Welcome back to our weekly newsletter!
In our first issue of 2020, here’s what the staff of the Technology and Press Freedom Project at the Reporters Committee for Freedom of the Press is tracking this week.
Given the break, this is a bit of a long one, though there are some key stories, including our analysis of the most recent DOJ news media guidelines annual report (only found here).
Justice Department decreased its use of law enforcement tools against the press in 2018, according to the latest annual report on news media guidelines
Since 1970, the Justice Department’s use of subpoenas to demand news media records has been limited by a set of internal policies commonly known as the “news media guidelines.” The guidelines were last revised in 2014 and 2015 to apply to all criminal investigative tools, including search warrants and court orders. Those revisions also require the Justice Department to prepare an annual report on the department’s use of the guidelines. The latest report, which covers 2018, was posted late last year to its website. As in recent years, the Justice Department’s Office of Public Affairs did not issue any statement in conjunction with the publication of the report.
Despite concerns about the current state of press freedom, there’s nothing obvious in the latest annual report to suggest that things have changed, at least as of 2018, with respect to the guidelines.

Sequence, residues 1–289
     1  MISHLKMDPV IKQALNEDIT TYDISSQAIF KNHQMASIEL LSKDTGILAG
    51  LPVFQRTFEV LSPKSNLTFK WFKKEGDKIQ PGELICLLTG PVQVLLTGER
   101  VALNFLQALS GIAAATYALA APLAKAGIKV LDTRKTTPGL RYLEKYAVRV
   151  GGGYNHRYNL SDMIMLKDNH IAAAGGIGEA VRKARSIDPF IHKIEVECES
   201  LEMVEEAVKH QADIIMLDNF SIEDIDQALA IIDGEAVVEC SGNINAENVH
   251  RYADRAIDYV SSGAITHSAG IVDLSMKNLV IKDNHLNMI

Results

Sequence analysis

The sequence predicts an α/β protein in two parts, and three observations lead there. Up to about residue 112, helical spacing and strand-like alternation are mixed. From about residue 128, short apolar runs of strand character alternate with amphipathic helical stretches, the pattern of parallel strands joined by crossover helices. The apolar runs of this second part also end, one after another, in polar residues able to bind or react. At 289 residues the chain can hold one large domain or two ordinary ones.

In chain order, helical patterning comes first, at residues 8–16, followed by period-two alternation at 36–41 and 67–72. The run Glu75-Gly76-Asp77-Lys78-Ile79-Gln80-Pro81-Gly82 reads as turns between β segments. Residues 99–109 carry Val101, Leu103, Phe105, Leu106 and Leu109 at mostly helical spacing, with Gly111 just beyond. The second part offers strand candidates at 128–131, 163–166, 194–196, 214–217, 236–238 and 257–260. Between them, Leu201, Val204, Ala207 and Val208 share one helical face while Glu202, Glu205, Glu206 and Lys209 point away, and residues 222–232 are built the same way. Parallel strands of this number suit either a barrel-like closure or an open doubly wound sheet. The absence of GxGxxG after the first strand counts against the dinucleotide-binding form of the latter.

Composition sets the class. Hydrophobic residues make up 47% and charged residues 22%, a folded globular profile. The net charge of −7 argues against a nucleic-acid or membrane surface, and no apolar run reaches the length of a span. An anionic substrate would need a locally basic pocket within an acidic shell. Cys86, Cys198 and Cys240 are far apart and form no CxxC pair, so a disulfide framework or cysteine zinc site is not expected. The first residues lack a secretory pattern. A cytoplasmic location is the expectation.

In the absence of a federal shield law, the guidelines provide indispensable protections for the news media. Most importantly, they usually require that an affected member of the news media be notified in advance of any subpoena, court order, or warrant so they may challenge in court any improper attempt to obtain records or information. They also require high-level approval — typically from the attorney general — before the department can take certain investigative steps involving the press. Finally, the guidelines mandate that investigators take “all reasonable attempts” to secure information from non-media sources before turning to the press.
The 2018 report is the fifth annual report released by the Justice Department. Here are a few highlights from the report.
The report lists two instances where a deputy assistant attorney general for the Criminal Division (this is the number 3 position in the division) authorized search warrants. In each case, the deputy assistant attorney general determined that the relevant conduct was not in the course of newsgathering, and, therefore, the warrant did not require attorney general sign-off. Additionally, the Criminal Division determined that the arrest of an individual who described himself as a journalist in an altercation at a congressional hearing was authorized under the “exigent circumstances” provision in the guidelines.